ACRE Expert Discusses Recent Changes to Civil Asset Forfeiture

By Caleb Taylor

What changes to civil asset forfeiture in Arkansas were made during the recent legislative session?

ACRE Research and Program Assistant Zach Burt analyzed “The Arkansas Civil Asset Forfeiture Reform Act of 2021,” also known as Act 1023 in “Need better law” in the Arkansas Democrat-Gazette on June 5th.

Burt defines civil asset forfeiture as “a legal mechanism that allows law enforcement and prosecutors to confiscate property used to commit a crime. Most often, seized property is cash, vehicles, and firearms, though sometimes it can be land or houses.”

Burt writes:

Sponsored by Senator Alan Clark, R-Lonsdale, the act attempts to change how spouses, parents and other innocent owners try to get back property that police seized from another person suspected of criminal activities. 

However, the act will do little to reform the process of civil forfeiture in the state because it fails to address the core problem: Arkansas law enforcement is focused on seizing property with low-dollar values, very different from the mythology of cartel members hauling hundreds of thousands of dollars across Interstate 40.”

Burt contrasts Act 1023 with Senate Bill 197, also by Clark, which failed to garner enough support to become law. Senate Bill 197 “would have offered new and necessary protections for Arkansans.”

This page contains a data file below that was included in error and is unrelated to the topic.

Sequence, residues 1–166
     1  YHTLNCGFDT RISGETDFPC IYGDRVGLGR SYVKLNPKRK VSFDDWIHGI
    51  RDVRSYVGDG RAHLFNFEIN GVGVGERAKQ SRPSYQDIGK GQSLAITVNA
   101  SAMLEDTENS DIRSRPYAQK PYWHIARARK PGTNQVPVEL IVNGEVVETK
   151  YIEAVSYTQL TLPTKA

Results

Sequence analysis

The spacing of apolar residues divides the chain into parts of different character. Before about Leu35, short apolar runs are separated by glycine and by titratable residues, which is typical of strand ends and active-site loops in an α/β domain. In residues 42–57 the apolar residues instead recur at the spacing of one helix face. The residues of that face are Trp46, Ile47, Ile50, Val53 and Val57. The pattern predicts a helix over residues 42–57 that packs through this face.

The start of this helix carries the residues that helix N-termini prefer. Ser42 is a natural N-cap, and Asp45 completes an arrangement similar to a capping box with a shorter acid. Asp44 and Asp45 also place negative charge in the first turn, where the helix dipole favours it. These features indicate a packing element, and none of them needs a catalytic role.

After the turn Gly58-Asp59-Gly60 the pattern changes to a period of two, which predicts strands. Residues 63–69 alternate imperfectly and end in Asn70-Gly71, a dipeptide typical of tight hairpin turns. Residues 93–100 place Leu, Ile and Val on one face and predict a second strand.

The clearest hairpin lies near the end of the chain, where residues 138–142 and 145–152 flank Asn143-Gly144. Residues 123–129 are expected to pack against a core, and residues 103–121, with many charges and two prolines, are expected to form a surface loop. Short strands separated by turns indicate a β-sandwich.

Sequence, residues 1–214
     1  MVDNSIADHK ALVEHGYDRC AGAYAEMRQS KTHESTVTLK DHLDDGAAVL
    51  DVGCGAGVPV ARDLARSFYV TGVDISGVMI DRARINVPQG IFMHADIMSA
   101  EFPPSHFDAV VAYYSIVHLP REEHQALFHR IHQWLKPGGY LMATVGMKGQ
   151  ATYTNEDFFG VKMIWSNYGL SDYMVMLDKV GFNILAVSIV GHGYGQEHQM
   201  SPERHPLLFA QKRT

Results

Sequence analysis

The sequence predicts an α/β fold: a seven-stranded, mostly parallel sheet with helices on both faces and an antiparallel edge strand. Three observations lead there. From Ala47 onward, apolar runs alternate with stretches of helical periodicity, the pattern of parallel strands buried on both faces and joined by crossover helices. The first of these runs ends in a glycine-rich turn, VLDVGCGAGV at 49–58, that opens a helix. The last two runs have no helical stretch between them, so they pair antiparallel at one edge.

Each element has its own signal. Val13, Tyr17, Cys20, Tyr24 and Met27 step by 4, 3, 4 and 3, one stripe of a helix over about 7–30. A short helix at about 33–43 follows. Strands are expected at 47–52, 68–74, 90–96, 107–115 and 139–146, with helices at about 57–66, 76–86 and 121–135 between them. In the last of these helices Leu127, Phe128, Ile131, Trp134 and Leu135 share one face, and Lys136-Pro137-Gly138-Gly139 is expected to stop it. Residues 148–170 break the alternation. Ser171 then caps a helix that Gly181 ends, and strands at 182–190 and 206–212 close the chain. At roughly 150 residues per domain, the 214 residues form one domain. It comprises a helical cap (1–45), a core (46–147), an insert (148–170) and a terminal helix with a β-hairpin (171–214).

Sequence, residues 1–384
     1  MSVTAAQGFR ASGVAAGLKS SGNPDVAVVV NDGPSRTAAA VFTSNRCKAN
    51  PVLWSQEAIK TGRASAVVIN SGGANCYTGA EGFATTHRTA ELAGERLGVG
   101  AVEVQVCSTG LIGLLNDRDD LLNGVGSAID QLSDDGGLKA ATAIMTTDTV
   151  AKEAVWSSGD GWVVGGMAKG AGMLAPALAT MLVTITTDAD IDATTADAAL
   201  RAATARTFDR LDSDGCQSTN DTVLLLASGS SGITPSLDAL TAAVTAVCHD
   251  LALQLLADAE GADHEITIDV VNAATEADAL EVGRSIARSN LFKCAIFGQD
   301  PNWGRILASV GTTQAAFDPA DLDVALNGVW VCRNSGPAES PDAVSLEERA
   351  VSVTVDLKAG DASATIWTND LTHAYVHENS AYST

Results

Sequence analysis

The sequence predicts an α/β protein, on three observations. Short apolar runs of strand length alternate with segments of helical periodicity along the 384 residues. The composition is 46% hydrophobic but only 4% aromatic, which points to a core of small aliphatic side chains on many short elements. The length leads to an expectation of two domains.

Burt writes:

SB197 would have made civil asset forfeiture a criminal process rather than a civil one. This means cases would have to be dealt with in criminal courts, where citizens are guaranteed the right to an attorney. In civil courts, Arkansans do not have this right, and must pay for legal representation out of their own pockets.

According to research done by the Institute for Justice, a public-interest law firm, the average legal costs for contesting seizures nationally amount to $3,000. No rational person would pay that much to get back property worth only $1,300, the median currency amount forfeited by law enforcement agencies across the country. However, such high legal costs relative to the low-dollar value of property seized is the norm in Arkansas.”

For more on this topic, ACRE Director and UCA Professor of Economics Dr. David Mitchell recently explained how often and how much property was taken through civil asset forfeiture since 2010 at a state Senate Judiciary Committee meeting on December 18, 2020 at the State Capitol.

A copy of the data and graphs he used in his presentation to committee members can be viewed here. You can watch the meeting here (Mitchell’s presentation begins at 1:42:27 p.m.).

For more on this topic, check out Burt’s “Need more reform” published in the Arkansas Democrat-Gazette on March 22.